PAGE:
Goldsmith, Kenneth. "If It Doesn't Exist on the Internet, It Doesn't Exist." EPC- Kenneth Goldsmith.
According to Goldsmith, "if it doesn't exist on the internet, it doesn't exist" has gone from being a hyperbole to a truism. He points out that if you can't find something on Google, including yourself, it's pretty frustrating. His argument is that academics should publish their work online with "free and unfettered access to all". For the time being, this call is only directed toward scholarly work, but Goldsmith is certain to point out that it doesn't apply to "painters, potters, printmakers, book artists or metal workers. Yet". In short, eventually the call will be for everything to exist on the internet. For the time, he argues that one major reason works should be published online is because most people don't have access to subscription services like LexusNexus. He brings up his own website, UbuWeb as an example of a site dedicated to free distribution of avant-garde work that "never really made money in the first place" and that otherwise would no longer exist. He also mentions PennSound, which is a huge open-access poetry sound archive that was given credibility as a distribution source due to its affiliation with the University of Pennsylvania, pointing out that most academics have "institutional leverage" on their side.
He continues by pointing out the benefits to scholars for placing their content on the web. Using his own experiences as a guide, he points out that though he has never made a penny from his writings, he's traveled the world with all expenses paid, gained many awards, and connected with his readers (a peer group, as he calls them). Academic blogs, he argues, offer another type of peer group in which "peer-based consensus garners credibility" and that bloggers have benefited from the feedback of their readers before sending something to print on paper. Lastly, he argues that "CDs are dead". He wasn't joking when he believed that everything not on the internet and, almost as importantly, not capable of being shared, didn't exist. He believes that models such as Netflix won't last unless they distribute files online, instead of DVDs. Even if he hasn't called for anything beside academic research online, obviously the day for other things as well isn't far off.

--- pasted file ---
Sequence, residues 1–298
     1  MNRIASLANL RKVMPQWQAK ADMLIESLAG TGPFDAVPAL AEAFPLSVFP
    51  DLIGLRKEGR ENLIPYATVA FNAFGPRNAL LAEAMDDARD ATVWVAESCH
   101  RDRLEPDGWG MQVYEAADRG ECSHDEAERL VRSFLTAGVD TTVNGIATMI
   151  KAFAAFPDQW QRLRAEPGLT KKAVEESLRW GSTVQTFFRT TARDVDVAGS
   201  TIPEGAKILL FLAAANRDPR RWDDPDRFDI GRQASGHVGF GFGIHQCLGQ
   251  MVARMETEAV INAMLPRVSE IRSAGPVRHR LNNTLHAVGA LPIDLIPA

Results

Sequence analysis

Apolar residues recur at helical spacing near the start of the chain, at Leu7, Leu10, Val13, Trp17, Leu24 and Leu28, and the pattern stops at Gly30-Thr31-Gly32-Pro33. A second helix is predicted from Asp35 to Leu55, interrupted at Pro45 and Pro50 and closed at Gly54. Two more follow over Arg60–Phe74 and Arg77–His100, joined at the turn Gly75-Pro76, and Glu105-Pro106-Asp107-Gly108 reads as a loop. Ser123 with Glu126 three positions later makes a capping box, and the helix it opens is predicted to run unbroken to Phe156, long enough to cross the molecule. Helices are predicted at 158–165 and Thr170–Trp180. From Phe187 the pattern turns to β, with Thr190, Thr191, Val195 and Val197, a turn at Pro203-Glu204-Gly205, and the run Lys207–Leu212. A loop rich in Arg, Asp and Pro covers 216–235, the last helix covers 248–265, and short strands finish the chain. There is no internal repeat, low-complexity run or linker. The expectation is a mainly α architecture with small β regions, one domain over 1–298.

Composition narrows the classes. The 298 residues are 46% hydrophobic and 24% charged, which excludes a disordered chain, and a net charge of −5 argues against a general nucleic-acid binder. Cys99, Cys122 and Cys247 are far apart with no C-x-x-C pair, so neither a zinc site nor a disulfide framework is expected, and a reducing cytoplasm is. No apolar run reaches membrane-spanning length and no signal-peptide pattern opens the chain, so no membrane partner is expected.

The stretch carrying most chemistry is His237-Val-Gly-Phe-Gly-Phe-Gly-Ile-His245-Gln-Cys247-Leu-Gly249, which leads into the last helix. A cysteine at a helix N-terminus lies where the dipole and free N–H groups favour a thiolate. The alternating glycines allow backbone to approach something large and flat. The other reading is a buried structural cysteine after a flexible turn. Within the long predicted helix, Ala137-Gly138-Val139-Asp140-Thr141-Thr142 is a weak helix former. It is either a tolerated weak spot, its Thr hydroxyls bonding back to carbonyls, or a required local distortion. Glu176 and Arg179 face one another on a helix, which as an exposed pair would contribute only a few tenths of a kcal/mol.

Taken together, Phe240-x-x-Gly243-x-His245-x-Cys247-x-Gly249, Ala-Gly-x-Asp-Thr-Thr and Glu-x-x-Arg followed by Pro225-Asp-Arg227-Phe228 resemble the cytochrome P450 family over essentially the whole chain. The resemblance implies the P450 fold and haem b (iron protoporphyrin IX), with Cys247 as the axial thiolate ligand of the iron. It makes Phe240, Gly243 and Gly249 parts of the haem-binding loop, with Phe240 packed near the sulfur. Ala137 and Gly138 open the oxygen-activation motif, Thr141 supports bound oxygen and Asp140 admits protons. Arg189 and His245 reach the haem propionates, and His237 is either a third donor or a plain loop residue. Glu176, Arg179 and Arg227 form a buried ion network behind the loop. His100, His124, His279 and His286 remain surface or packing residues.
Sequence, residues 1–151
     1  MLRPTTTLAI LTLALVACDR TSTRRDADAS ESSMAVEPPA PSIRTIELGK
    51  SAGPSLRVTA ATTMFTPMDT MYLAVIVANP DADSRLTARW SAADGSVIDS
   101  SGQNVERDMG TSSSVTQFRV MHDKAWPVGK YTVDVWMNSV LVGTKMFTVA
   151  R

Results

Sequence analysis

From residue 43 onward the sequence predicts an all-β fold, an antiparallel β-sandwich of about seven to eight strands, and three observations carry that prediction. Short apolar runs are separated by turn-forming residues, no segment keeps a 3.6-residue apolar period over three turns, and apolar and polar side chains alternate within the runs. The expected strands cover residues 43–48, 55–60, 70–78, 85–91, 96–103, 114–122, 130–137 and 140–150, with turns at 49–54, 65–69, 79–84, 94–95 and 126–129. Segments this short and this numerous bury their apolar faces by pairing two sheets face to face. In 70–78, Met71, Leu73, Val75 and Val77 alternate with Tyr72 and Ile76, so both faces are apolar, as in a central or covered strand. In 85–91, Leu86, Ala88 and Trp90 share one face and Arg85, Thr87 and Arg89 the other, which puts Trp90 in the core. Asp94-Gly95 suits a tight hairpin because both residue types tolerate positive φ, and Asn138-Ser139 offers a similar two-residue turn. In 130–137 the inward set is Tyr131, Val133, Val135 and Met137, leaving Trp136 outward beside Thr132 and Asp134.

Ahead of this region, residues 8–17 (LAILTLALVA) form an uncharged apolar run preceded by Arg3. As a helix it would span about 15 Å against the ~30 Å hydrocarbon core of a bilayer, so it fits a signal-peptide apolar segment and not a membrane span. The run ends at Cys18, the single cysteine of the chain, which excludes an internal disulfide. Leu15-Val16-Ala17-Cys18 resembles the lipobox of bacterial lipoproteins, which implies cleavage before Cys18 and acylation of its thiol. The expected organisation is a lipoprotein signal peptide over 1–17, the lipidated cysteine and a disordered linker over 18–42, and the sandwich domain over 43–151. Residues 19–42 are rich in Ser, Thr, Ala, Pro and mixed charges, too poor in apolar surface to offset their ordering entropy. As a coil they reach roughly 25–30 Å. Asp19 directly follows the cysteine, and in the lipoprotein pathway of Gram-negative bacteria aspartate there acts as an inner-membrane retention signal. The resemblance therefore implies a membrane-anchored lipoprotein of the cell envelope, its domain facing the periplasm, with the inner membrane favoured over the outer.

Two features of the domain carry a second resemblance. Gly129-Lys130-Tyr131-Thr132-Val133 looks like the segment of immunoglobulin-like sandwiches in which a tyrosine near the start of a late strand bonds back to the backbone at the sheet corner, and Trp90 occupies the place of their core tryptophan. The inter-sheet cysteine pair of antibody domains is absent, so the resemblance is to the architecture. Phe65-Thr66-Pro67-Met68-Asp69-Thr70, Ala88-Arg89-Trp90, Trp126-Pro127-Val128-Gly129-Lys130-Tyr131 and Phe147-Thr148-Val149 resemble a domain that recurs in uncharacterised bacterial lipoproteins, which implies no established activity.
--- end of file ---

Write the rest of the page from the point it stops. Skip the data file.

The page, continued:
Though this focuses on academic research and not art, it's the basic idea of one model of commons that exists on the web. UbuWeb, the author's website, hosts tons of avante-garde work without the permission of the copyright owners (if someone complains, they take it down) that Goldsmith's is right in arguing wouldn't exist without the web. While Creative Commons will be shown to prove a powerful model for the commons to operate on, in such cases as these where there is no market value lost, the idea of a free distribution culture might have something. Goldsmith's advocacy for filing sharing and free content on the web is an idea prominent in many younger interest users today and a model that currently dominates so much of the internet (and has sparked the fight against piracy as well). However, it's important to note that Goldsmith is advocating free distribution for things that don't really make money anyway and in such a context provides a great model for the commons.